Managing Multi-State Tax Compliance
Managing Multi-State Tax Compliance
Although keeping up with business tax obligations is a complicated task in itself, maintaining tax compliance across state lines is even more difficult. Each state has its own way of taxing business entities that are subject to its jurisdiction and such methods may vary widely. Generally speaking, a business must file a business tax return in any state where it conducts business and must pay taxes on any profits that are earned in that specific state. However, this is where the simplicity ends and state tax liability becomes more complicated.
State income taxes owed by a business to any given state are based on the connection of the business to that particular state. This connection, called a nexus, can be simple and clear when the business maintains a physical presence in a state but is much more complicated when the business has no physical headquarters and operates exclusively through a website. Because of this, some states are moving toward defining business connections in terms of economic presence rather than physical presence. However, regardless of how the connection is defined, multi-state business taxes are a complicated issue. A C-Corporation must file a corporate tax return and any owner of an LLC, Partnership or S Corporation must file a personal return in each state where the company does business.
The following are a few of the specific areas that highlight the complexity of multi-state tax compliance:
- Withholding Tax
All businesses, with the exception of those located in Alaska, Florida, Nevada, New Hampshire, South Dakota, Tennessee, Texas, Washington and Wyoming, are required to withhold income taxes from each employee’s paycheck. This is simple when the business has one physical presence but is much more complicated with large companies that have plants or offices in multiple states or workers that live in one state and work in another. In some cases, reciprocity agreements exist providing that only one state’s taxes will be withheld
and a single W-2 issued. However, in the absence of such an agreement, the issue of multi-state withholding taxes can become much less straightforward.
- Unemployment Tax
Both the federal government and each state require that employers pay an unemployment tax for each employee. Since this tax is largely regulated by the states, keeping up with the state-to-state differences can become a complicated task for bookkeeping services providers serving multi-state companies. Unemployment taxes are usually governed by the state in which the employee works but this is sometimes affected by a reciprocity agreement.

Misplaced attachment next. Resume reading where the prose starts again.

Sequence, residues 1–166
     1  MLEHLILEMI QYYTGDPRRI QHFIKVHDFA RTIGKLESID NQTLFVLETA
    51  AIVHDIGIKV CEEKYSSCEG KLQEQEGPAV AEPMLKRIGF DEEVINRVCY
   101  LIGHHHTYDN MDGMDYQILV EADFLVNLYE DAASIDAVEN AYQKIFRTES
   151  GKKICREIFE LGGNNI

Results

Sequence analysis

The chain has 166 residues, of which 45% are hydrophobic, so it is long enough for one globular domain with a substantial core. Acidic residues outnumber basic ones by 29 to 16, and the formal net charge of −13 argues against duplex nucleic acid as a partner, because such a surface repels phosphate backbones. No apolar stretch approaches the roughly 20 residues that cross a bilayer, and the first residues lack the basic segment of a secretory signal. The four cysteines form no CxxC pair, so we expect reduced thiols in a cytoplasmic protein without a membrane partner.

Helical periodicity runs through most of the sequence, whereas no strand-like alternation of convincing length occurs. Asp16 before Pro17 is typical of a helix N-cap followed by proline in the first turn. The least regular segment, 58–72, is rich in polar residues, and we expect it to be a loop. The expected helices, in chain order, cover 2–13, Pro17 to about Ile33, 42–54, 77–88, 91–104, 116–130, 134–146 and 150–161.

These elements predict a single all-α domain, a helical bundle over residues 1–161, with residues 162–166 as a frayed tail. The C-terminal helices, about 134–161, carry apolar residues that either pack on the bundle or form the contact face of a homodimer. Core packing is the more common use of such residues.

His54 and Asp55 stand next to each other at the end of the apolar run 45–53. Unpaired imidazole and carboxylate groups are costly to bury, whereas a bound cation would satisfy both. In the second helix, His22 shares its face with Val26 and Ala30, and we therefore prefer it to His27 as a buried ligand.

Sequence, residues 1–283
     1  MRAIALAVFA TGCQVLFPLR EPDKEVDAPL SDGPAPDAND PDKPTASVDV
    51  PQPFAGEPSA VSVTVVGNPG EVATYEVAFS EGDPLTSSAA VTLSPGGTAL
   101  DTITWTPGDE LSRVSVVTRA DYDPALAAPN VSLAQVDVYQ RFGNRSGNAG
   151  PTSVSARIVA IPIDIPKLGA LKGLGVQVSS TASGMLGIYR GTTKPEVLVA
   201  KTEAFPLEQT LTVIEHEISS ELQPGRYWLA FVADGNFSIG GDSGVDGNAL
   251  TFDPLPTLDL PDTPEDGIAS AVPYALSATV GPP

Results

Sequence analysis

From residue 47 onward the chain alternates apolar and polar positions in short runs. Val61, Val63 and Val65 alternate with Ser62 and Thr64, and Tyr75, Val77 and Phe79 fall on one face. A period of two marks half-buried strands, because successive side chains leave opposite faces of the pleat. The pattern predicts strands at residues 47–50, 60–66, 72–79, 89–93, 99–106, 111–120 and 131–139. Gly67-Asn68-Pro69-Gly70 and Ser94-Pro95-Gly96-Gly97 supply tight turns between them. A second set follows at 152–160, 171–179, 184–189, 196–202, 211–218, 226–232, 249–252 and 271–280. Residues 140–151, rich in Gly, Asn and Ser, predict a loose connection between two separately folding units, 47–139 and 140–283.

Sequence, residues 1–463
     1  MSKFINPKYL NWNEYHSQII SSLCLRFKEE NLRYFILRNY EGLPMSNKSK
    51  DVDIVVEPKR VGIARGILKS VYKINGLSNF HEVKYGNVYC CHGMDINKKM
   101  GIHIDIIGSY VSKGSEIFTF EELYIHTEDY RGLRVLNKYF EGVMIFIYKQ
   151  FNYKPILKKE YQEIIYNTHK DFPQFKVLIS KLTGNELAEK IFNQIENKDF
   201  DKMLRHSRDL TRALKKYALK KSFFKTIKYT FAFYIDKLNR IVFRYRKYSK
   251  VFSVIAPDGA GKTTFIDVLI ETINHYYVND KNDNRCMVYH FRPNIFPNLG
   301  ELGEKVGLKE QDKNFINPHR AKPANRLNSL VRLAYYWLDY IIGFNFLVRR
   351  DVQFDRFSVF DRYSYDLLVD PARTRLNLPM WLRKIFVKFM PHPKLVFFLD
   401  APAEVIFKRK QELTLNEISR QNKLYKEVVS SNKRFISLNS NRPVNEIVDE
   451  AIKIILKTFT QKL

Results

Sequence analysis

- Leave Laws
Although the federal government dictates the conditions of the Family and Medical Leave Act, other leave laws are governed by the states. Some states mandate that companies pay their employees during qualified leaves while others do not. This makes compliance in this area a complicated issue for the bookkeeping services providers of some multi-state companies. Generally speaking, however, each employee is governed by the leave laws of the state they are working in.
- Minimum Wage
Although the base minimum wage is set by the federal government, various states and local governments have set higher rates for their employees. This requires that in-house bookkeepers and bookkeeping services providers of companies operating in more than one location keep up with these various rates as well as the dates when they become effective.
If your business is seeking an outsourced bookkeeping solution, the experienced professionals at Orange County Bookkeeping can provide you with the expertise you are looking for. Our licensed accountants and bookkeepers are equipped to serve Orange County businesses of any size, structure or industry focus. Visit us today at www.ocbookkeeping.com to learn more about our full range of bookkeeping, tax and business consulting services. Contact us by phone at (949) 242-9852 at or by email at email@example.com to receive a free, no obligation consultation.